The Arkansas Supreme Court today accepted an agreed settlement of a disciplinary proceeding against Circuit Judge Mike Maggio except in one respect: It ordered his immediate removal from the bench.
He was relieved of duties March 24 amid multiple investigations of both out-of-court commentary on a website and questions about political campaign contributions to his now-aborted race for Court of Appeals. The Supreme Court noted he’d continued to be paid while others did his work.
Maggio’s acceptance of discipline, including an agreement never to be a judge again, was part of a settlement that also allowed him to continue to be paid through the end of his term Dec. 31.
The Supreme Court wouldn’t accept that. saying “we deen any further suspension with pay to be inappropriate. Instead, this court concludes that immediate removal is the just and proper sanction for the judge’s conduct.”
The court ordered immediate issuance of the mandate, which makes it effective today. The order also prohibits him from holding further judicial office.
When Maggio settled with the Judicial Discipline and Disability Commission, he admitted ethics violations and agreed never to seek a judgeship again. He’s been a judge since 2001. Judges accrue benefits worth 3.2 percent of pay for each year of service in retirement benefits, but judges who’ve served less than 20 years must wait until they are 65 to collect the benefits. Maggio is 53.
This comment from Maggio’s attorney, Lauren White Hamilton;
Obviously, today’s action by the Arkansas Supreme Court is disappointing. We thought the negotiated settlement agreement was fair and just. The parties worked very hard in reviewing the evidence and based on the evidence, the parties entered into an agreement that the Commission approved unanimously. We thank the JDDC and its members for its effort in this matter and thank the people of the 20th Judicial District for their support.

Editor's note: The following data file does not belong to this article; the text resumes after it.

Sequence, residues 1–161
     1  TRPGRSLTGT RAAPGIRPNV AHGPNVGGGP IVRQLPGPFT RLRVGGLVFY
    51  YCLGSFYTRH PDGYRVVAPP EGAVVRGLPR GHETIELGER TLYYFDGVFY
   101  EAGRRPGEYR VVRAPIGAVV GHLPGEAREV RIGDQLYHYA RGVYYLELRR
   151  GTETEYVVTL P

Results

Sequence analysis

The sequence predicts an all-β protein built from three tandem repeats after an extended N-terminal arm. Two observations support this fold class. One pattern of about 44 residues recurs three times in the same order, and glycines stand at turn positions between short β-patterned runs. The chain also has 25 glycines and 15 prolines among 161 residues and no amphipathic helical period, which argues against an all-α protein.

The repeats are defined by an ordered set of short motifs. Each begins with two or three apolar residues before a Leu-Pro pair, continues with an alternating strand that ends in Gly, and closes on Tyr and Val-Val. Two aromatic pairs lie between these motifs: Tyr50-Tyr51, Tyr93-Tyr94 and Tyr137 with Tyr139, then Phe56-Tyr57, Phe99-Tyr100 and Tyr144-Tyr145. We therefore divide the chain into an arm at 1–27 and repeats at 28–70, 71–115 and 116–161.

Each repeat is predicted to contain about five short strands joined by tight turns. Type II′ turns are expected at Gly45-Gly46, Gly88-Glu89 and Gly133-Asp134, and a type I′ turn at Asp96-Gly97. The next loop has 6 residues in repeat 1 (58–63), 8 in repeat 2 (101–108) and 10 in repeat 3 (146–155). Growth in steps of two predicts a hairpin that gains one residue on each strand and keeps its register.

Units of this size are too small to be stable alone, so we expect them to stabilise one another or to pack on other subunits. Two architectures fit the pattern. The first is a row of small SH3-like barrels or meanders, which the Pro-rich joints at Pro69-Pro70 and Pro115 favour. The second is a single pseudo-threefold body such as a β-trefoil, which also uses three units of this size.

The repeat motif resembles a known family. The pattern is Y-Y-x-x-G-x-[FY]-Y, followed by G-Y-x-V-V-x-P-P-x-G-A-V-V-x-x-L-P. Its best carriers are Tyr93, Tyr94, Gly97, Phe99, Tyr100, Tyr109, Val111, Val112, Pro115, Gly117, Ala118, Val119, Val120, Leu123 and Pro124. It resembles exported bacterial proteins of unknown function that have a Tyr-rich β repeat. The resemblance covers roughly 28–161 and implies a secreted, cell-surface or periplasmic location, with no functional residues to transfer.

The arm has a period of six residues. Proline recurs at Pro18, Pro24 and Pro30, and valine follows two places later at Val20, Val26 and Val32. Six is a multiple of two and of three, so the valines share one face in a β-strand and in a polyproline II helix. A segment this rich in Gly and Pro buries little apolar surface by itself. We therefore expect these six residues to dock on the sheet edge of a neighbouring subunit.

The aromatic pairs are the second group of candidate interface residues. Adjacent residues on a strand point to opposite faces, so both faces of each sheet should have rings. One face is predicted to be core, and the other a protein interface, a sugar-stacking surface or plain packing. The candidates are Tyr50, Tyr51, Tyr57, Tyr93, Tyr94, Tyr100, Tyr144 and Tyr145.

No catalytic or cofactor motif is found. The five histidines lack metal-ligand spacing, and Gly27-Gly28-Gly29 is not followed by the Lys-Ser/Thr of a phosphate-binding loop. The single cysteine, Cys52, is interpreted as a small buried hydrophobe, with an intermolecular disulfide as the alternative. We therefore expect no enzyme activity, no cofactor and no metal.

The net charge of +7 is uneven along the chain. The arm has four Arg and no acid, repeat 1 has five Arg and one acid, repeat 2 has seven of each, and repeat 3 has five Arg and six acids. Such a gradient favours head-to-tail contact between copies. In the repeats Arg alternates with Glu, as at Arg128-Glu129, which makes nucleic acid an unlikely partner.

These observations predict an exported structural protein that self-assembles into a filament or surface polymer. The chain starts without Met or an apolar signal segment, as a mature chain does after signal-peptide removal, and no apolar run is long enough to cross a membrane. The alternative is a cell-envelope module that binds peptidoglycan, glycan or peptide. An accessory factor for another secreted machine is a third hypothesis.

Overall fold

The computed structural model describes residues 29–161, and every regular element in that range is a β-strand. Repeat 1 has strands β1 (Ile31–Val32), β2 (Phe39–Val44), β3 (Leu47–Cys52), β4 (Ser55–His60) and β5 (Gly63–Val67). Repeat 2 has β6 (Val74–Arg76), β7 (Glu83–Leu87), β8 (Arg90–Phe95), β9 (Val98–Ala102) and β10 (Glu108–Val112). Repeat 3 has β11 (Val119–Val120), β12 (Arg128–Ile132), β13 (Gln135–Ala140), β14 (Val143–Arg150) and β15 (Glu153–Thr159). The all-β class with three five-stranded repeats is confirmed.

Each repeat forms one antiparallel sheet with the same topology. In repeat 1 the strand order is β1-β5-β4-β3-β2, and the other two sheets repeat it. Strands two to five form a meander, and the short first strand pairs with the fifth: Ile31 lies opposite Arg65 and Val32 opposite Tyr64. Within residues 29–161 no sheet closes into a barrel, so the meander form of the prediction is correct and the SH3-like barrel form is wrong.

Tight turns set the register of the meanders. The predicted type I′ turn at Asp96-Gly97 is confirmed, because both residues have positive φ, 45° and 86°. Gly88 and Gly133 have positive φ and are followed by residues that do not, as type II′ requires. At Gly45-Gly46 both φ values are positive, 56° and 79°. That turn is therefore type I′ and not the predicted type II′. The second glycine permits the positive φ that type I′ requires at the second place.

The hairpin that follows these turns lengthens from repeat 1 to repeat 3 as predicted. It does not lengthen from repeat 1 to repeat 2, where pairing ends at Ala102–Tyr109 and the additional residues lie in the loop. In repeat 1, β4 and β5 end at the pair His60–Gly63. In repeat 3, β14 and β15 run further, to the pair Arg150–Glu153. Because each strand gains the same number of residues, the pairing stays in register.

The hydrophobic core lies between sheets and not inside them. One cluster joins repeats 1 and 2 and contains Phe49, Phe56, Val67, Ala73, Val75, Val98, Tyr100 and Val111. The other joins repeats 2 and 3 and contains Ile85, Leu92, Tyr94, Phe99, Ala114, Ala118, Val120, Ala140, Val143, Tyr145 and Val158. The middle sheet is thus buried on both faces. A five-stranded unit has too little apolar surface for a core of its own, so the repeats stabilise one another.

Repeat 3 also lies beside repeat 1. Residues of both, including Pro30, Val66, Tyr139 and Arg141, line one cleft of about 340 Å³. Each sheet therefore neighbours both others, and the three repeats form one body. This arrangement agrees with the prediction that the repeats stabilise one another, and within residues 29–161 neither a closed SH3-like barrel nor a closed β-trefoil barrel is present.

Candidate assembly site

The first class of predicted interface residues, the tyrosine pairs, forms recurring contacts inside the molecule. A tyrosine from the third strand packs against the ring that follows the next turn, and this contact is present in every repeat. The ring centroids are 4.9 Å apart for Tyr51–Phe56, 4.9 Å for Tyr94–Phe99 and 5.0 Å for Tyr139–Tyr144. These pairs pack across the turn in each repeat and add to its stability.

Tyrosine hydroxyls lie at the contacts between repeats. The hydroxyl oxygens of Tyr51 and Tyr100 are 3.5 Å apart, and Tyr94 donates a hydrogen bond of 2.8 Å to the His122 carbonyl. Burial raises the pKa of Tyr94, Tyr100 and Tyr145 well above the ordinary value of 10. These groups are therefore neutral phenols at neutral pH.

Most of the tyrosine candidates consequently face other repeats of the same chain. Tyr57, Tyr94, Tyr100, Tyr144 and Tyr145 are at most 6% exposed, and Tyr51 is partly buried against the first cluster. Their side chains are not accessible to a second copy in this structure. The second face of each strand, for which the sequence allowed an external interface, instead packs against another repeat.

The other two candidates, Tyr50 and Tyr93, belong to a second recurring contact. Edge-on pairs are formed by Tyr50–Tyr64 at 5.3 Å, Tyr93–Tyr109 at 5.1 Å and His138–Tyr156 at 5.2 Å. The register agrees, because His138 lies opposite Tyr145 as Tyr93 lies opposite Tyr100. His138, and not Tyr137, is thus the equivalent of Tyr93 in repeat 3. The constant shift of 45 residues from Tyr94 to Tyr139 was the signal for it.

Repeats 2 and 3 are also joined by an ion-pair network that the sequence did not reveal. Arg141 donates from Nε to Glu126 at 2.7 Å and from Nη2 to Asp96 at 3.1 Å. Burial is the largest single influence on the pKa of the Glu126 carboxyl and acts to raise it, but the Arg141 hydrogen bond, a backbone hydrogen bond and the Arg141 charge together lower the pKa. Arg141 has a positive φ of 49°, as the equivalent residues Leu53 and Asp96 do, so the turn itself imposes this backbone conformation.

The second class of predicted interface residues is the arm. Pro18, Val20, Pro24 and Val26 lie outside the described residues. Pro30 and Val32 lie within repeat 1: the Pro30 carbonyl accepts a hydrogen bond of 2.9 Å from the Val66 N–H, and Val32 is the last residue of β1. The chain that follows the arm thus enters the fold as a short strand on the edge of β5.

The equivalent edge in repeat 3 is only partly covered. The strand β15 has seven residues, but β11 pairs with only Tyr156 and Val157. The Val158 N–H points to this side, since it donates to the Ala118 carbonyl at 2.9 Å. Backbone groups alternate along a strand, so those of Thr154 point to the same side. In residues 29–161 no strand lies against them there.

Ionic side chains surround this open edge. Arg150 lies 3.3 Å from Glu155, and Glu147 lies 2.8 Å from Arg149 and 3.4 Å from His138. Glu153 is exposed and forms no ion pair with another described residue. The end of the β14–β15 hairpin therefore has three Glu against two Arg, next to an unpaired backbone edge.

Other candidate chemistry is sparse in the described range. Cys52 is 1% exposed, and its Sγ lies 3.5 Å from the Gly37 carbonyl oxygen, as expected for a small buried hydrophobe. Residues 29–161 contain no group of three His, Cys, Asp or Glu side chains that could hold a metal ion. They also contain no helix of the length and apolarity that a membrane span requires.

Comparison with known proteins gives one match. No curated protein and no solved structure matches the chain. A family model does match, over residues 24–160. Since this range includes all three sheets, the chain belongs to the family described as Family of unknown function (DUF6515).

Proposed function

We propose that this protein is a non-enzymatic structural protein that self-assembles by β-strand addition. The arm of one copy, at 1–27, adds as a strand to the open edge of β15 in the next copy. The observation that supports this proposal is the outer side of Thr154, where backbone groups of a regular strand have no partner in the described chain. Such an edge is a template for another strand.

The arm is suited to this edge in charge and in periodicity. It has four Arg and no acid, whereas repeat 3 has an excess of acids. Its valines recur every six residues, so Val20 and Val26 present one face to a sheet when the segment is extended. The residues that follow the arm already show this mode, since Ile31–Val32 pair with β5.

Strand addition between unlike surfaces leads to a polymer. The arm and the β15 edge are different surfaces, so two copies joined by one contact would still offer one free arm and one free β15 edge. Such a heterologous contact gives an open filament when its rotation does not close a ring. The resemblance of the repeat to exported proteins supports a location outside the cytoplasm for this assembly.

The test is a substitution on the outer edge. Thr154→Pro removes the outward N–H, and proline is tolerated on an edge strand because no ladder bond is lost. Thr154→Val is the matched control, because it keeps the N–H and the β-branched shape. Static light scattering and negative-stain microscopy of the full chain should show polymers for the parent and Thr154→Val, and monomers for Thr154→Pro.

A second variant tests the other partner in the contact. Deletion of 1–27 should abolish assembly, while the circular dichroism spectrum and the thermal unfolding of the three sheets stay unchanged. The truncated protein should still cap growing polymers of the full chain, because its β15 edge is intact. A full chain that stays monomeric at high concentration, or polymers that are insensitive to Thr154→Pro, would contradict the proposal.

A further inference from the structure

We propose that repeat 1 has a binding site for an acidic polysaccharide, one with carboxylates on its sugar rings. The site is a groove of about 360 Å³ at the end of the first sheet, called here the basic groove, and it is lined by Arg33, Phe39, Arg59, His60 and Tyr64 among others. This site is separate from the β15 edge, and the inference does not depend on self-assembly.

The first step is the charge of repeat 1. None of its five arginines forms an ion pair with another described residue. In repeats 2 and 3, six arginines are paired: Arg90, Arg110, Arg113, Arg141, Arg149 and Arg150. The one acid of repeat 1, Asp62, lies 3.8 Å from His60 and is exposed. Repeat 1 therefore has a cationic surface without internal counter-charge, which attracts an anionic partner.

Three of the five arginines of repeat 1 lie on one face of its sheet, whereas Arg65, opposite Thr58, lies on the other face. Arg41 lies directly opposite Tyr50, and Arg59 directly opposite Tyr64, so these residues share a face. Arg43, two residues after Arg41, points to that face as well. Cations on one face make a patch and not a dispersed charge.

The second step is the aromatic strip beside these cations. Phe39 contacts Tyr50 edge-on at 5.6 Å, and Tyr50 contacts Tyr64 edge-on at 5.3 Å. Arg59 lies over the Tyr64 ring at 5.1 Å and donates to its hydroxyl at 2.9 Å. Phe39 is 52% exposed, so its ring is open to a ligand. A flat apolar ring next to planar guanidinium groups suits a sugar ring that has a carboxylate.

This comment from David Sachar, executive director of the Judicial Discipline Commission:
Today, the Supreme Court chose to exercise its exclusive power to immediately remove Judge Maggio. We respect that authority. We are glad they agreed with our findings and conclusions and that the final result was that he is banned from ever being a judge again.
The JDDC did everything in their power to get the most severe penalty it could in a timely manner. We had no way (while abiding by the Rules of Procedure that the Supreme Court created) to get the judge to trial by the end of the year. As such, his paycheck situation was not something we could change. The case would never have been in front of the Supreme Court in 2014 without the agreed sanction being approved by the JDDC in August.
ALSO TODAY FROM THE SUPREME COURT:
* EXPEDITED: The Supreme Court granted expedited scheduling and set oral arguments Oct. 9 on the lawsuit brought by opponents of statewide vote on legalizing alcohol sales in every county. The suit says it should not be certified for the ballot for missing a filing deadline and for inadequate description of its impact.
* DWI APPEAL DENIED: The Supreme Court declined to review a Washington County Circuit Court conviction of Herb Rule, a Little Rock lawyer, on a DWI charge. The Court of Appeals earlier upheld the conviction. The charge was filed when Rule was running for 2nd District Congress in 2012.